family’s survival if he was to be deported. Filled with remorse, I did not tell him that I was saving to pay for my own college education. At the factory, I befriended other hardworking undocumented individuals who were worried about getting deported or separated from their children. In their company, I discovered a new kind of fear, one so real that absolutely nothing felt safe. If I ever did feel comfortable, the anti-immigrant headlines on the news announcing efforts to “deport illegals” served to remind me of my vulnerability. I was aware that anybody who found out about my immigration status could, with one phone call, have my entire family deported. People would tell me to live in the moment, but they did not realize that every moment for me was filled with a real threat of being separated from my family. I was scared that one of us would get sick and be forced to endure, or die from, a curable illness because we could not access regular medical care. I feared that if my dad lost his job, we were a few misfortunes away from becoming homeless. My life could unravel at any moment. As I got older, my perspective started to change. I realized that even though I was undocumented, because of my education, I had more privileges than my parents. I had become fluent in English, and I had learned about US history, US government structures, and social movements. I also realized that my friends who were US citizens were also struggling; many were dropping out, joining gangs, or finding out that our inner-city education was not preparing us very well for college. As a way to expand my horizons, I began to work with Digital Migrant, a documentary filmmaking program that focused on the lives of four undocumented hotel workers who had become union leaders. A woman named Lupe, the only female leader on the team, left a deep impression on me. Despite being poor, undocumented, and a single mother, Lupe embraced life with enthusiasm and fearlessness. Her ferocious spirit helped me see that amid the legal barriers we faced, we undocumented immigrants could be powerful. This power that I discovered while among the hotel union leaders sunk in slowly—a part of me believed it, and the other part was facing a hopeless reality. When senior year of high school started, I had barely saved enough money to cover one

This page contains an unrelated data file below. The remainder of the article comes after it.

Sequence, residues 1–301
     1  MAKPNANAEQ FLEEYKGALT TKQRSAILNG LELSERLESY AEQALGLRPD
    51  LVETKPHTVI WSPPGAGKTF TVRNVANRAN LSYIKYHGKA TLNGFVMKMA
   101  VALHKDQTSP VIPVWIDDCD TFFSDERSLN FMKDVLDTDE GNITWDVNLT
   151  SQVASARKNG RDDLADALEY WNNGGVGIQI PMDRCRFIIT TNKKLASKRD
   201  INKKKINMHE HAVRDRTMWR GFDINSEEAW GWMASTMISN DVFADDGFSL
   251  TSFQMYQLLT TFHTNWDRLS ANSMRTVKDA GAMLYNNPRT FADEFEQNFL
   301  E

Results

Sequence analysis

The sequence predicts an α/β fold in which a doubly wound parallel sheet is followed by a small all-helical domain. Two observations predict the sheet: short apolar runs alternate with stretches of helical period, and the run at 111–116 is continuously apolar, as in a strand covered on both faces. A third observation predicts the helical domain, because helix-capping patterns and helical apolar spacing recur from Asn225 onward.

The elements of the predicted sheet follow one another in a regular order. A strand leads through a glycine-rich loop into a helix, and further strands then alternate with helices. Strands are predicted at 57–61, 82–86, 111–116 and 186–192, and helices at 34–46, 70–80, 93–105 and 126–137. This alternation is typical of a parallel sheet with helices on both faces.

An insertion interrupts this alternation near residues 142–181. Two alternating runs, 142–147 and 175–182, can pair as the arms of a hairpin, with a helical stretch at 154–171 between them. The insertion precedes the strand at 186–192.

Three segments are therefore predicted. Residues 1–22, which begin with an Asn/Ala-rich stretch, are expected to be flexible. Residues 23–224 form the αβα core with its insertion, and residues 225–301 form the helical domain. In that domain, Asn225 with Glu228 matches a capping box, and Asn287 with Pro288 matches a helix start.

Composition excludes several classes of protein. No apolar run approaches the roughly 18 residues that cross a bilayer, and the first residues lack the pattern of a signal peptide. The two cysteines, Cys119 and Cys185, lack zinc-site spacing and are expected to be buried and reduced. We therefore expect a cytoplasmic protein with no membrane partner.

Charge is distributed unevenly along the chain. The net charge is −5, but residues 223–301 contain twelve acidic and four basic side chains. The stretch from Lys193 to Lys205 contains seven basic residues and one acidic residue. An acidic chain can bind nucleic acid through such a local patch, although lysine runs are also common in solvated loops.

We were too poor to ever qualify for a US visa, so we immigrated to the US the only way we could: without authorization.

Clockwise from Top Left Deisy’s quinceañera. Deisy’s adopted Buddhist grandmother, Elso Kanagawa, and Deisy at her high school graduation. A group of close friends at Grinnell College.

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Above Deisy and her mother at her college graduation.

Arbitrary legal, immigration, class, and ethnic boundaries leave millions of people barely surviving in the margins of society. My father was right that suffering is inevitable, but suffering should not be legalized.

The New American